4 hours and the effect lasts for 6-8 hours.
e. hyperosmotiC agents
Mechanism of action:
Hyper-osmotic agents increase the plasma tonicity. Thus, the osmotic
pressure gradient created between the blood and vitreous draws sufficient
water out of the eyeball, thereby significantly lowering the IOP.
These are used as additive therapy for rapidly lowering the IOP in emergency
situations - Acute Angle-Closure Glaucoma or Secondary Glaucomas with very
high IOP. They are also used as a prophylactic measure prior to intraocular
Preparations and doses
1. Glycerol. It is a frequently used oral hyperosmotic agent. Its recommended dose is 1-1.5
gm/kg body weight. It is used as a 50 percent solution. So, glycerol (50 to 80 ml in adults) is
mixed with equal amount of lemon juice (preferably) or water before administering orally. Its
action starts in 10 minutes, peaks in 30 minutes and lasts for about 5-6 hours. It can be given
repeatedly. It is metabolised to glucose in the body. Thus, its repeated use in diabetics is not
2. Mannitol. It is the most widely used intravenous hyperosmotic agent. It is indicated when
the oral agents are felt to be insufficient or when they cannot be taken for reasons such as
nausea. Its recommended dose is 1-2 gm/kg body weight. It is used as a 20 percent solution.
It should be administered very rapidly over 20-30 minutes. Its action peaks in 30 minutes and
lasts for about 6 hours. It does not enter the glucose metabolism and thus is safe in diabetics.
However, it should be used cautiously in hypertensive patients.
3. Urea. When administered intravenously it also lowers the IOP. However, because of lower
efficacy and more side-effects than mannitol, it is not recommended for routine use.
4. Isosorbide. It is an oral hyperosmotic agent, similar to glycerol in action and doses.
However metabolically it is inert and thus can be used repeatedly in diabetics.
F. Prostaglandin analogues
1. Latanoprost (0.005%)It is a synthetic drug which is an ester analogue of
prostaglandin F2-α. It is acts by increasing uveoscleral outflow and by causing
reduction in episcleral venous pressure. It is as effective as timolol. It has additive effect
with pilocarpine and timolol. Its duration of action is 24 hours and is, thus, administered
Side-effects: include Conjunctival hyperaemia, foreign body sensation and increased
pigmentation of the iris.
2. Bimatoprost (0.03%). It is a prostamide which decreases IOP by decreasing
ocular outflow resistance. It is used once a day (OD).
3. Travoprost (0.004%). It is a synthetic prostaglandin F2 analogue and
decreases IOP by increasing uveoscleral outflow of aqueous.
4. Unoprostive isopropyl (0.12%). It is a dolosanoid related in structure to
prostaglandin F2-α. It lowers IOP by increasing uveoscleral outflow of aqueous. It also
increases retinal blood flow.
g. CalCium Channel bloCkers
Calcium channel blockers such as Nifedipine, Diltiazem and Verapamil are
commonly used antihypertensive drugs. Recently, some of these have been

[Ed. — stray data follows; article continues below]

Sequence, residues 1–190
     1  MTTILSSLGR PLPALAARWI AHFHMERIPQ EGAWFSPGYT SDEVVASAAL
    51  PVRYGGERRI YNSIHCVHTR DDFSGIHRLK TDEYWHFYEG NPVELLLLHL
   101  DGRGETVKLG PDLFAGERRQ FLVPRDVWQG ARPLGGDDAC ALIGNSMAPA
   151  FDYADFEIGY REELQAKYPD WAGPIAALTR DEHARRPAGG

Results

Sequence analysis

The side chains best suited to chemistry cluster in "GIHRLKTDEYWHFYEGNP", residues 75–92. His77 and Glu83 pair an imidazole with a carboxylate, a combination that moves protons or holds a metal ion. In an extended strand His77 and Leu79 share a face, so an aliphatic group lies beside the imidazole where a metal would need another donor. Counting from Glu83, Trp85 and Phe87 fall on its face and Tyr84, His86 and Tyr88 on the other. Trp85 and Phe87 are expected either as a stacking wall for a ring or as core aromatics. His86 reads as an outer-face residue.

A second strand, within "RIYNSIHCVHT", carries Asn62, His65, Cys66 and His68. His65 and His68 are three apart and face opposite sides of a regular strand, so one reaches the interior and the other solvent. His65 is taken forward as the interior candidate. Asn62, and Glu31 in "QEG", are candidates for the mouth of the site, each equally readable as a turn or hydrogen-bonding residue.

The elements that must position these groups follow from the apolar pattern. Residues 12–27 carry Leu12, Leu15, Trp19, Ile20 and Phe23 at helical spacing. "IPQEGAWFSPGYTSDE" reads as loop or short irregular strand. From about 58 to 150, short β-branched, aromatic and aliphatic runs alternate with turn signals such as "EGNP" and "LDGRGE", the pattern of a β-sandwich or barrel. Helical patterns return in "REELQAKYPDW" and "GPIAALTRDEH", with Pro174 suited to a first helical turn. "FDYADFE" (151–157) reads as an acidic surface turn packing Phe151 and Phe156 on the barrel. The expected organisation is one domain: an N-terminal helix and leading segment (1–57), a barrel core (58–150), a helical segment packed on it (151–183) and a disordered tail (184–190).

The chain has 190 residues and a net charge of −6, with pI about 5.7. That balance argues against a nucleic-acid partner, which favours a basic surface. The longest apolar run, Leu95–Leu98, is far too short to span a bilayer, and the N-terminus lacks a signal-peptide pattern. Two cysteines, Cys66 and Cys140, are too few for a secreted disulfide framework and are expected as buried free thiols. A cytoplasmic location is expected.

used as anti-glaucoma drugs.
Mechanism of action:
The exact mechanism of lowering IOP of topically used calcium channel
blockers remains to be elucidated. It might be due to its effects on secretory
Verapamil has been tried as 0.125 percent and 0.25 percent eyedrops twice a
Though the IOP lowering effect of verapamil is not superior than the
topical antiglaucoma drugs, it has a place in the mangement of patients with
POAG, where miotics, beta-blockers and sympathomimetics are all
contraindicated e.g., in patients suffering simultaneously from axial cataract,
bronchial asthma and raised blood pressure. It can also be used for additive
effect with pilocarpine and timolol. sridevirajeeve_ophthalmology 29
management in a nutshell…
I] PRIMARY OPEN ANGLE GLAUCOMA
(a) Single Drug Therapy
1. Topical beta-blockers: DoC, 1st line
Timolol maleate, Betaxolol, Levobunolol, Carteolol
2. Latanoprost: 1st line
3. Dorzolamide: 2nd line
4. Pilocarpine: 2nd line
5. Adrenergic drugs: Dipivefrine hydrochloride (combined with beta-blockers
in patients where other drugs are contraindicated)
(b) Combination topical therapy
If one drug is not effective, then a combination of two drugs—one drug
which decreases aqueous production (timolol or other betablocker, or
brimonidine or dorzolamide) and other drug which increases aqueous outflow
(latanoprost or brimonidine or pilocarpine) may be used.
II] ACUTE PRIMARY ANGLE-CLOSURE GLAUCOMA
Medical therapy is instituted as an emergency and temporary measure before
the eye is ready for operation;
1. Systemic hyperosmotic agent intravenous mannitol (1 gm/kg body weight)
2. Acetazolamide 500 mg intravenous injection followed by 250 mg tablet
should be given 3 times a day.
3. Analgesics and anti-emetics
4. Pilocarpine eyedrops 2 percentpilocarpine should be administered every 30
minutes for 1-2 hours and then 6 hourly
5. Beta blocker eyedrops like 0.5 percent timolol maleate or 0.5 percent
betaxolol should also be administered twice a day to reduce the IOP.
6. Corticosteroid eyedrops like dexamethasone or betamethasone should be
administered 3-4 times a day to reduce the inflammation
III] ABSOLUTE PRIMARY ANGLE-CLOSURE
Retrobulbar alcohol injection: It may be given to relieve pain. First, 1 ml of 2
percent xylocaine is injected followed after about 5-10 minutes by
1 ml of 80 percent alcohol. It destroys the ciliary ganglion.